Post-pellet liquid application fat disproportionately coats fines and affects mixed-sex broiler live performance from 16 to 42 d of age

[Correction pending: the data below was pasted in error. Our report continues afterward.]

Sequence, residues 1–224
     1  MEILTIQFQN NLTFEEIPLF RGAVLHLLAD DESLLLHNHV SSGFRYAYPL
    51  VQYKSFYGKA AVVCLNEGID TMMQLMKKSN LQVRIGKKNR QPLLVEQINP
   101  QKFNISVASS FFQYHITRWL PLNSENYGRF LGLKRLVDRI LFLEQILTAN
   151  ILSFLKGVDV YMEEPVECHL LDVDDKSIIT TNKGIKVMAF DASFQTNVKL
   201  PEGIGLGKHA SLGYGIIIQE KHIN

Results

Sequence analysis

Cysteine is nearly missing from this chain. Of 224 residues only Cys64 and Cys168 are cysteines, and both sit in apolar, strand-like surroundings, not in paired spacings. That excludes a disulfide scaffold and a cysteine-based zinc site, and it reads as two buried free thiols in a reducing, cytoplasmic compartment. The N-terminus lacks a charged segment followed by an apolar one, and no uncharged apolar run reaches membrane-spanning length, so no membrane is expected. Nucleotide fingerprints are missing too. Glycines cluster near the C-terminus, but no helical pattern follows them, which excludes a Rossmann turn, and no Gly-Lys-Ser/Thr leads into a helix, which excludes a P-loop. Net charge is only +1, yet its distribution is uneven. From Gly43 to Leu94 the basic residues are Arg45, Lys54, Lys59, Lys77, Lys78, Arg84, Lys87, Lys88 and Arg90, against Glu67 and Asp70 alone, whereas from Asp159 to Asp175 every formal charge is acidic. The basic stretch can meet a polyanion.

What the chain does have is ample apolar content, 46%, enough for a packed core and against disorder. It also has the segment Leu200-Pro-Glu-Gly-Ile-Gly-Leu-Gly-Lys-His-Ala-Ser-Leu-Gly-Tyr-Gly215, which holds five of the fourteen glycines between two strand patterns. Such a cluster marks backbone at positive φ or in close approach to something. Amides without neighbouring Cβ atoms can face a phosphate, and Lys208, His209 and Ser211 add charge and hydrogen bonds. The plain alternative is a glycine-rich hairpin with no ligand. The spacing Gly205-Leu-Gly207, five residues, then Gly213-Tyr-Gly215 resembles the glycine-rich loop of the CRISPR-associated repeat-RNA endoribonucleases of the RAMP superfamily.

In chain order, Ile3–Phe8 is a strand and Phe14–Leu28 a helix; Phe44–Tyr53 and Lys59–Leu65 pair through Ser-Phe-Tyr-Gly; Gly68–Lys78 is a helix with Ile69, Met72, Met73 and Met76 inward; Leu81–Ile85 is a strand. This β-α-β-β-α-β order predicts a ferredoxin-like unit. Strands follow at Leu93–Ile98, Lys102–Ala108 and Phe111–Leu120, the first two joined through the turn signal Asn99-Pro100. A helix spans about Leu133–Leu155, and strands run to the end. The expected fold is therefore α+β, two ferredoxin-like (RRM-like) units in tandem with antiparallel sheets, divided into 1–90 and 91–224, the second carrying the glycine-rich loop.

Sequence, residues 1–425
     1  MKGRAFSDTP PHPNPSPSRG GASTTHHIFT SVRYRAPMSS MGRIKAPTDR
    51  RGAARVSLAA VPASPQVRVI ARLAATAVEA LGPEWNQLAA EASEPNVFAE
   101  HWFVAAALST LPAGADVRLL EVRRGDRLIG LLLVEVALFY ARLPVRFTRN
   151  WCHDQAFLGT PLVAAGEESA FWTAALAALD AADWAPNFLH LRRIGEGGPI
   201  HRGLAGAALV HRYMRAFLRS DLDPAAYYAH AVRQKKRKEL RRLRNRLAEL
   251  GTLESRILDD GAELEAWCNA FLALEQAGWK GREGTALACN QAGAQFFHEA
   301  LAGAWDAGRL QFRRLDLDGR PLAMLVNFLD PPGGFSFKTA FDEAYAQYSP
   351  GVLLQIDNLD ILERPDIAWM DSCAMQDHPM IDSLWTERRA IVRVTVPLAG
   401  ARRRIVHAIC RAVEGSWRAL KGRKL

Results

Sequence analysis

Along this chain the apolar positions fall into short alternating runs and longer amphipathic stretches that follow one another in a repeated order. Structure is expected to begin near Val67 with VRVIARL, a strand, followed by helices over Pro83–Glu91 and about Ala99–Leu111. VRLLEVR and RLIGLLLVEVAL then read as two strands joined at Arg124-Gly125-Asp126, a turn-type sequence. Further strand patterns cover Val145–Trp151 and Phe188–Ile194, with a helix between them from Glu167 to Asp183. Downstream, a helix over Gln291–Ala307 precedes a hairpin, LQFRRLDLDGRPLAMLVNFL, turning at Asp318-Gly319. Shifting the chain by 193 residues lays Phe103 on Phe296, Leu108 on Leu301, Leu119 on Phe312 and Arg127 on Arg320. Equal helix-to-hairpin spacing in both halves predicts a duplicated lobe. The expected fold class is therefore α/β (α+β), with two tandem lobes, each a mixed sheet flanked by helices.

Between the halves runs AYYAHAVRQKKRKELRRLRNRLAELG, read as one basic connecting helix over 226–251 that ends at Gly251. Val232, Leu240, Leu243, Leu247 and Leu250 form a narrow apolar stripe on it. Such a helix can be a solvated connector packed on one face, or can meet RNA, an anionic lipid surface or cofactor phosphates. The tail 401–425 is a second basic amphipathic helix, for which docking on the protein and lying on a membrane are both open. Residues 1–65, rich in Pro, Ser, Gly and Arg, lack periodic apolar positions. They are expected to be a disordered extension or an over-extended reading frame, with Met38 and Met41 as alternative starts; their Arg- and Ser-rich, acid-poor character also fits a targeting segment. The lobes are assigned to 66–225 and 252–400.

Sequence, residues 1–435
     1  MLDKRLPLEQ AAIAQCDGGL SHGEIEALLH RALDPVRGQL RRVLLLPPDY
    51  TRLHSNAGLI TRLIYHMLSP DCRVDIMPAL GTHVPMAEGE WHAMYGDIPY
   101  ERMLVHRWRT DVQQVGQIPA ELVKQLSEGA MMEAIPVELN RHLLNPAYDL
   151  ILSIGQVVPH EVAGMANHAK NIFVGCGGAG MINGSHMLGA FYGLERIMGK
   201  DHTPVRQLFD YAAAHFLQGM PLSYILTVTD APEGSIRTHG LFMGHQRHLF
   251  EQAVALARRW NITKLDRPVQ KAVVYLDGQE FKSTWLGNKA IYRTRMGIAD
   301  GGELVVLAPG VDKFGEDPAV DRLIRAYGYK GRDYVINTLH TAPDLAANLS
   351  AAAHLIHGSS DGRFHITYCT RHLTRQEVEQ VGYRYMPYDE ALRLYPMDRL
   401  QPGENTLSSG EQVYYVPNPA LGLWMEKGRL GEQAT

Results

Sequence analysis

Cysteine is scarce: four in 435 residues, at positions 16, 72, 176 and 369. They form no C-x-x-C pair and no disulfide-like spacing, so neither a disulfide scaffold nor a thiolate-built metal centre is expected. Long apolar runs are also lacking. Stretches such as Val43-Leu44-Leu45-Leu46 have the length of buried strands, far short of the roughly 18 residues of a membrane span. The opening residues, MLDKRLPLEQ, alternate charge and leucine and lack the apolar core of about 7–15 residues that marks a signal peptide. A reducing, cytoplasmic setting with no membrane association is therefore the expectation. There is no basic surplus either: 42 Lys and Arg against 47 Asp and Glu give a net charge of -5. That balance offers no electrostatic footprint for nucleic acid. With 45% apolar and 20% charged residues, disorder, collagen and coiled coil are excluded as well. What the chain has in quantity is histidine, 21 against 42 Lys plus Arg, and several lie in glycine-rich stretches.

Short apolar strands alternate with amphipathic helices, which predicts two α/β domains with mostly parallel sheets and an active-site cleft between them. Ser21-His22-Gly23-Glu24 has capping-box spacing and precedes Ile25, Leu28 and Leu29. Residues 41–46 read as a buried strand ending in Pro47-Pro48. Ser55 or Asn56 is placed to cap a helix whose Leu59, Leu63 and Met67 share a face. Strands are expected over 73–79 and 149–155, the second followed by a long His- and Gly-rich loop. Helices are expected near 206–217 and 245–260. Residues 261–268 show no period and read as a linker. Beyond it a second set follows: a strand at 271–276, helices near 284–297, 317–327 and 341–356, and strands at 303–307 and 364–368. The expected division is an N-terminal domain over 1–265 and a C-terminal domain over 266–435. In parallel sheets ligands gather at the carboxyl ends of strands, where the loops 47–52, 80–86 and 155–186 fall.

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© 2017 Poultry Science Association Inc.
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Abstract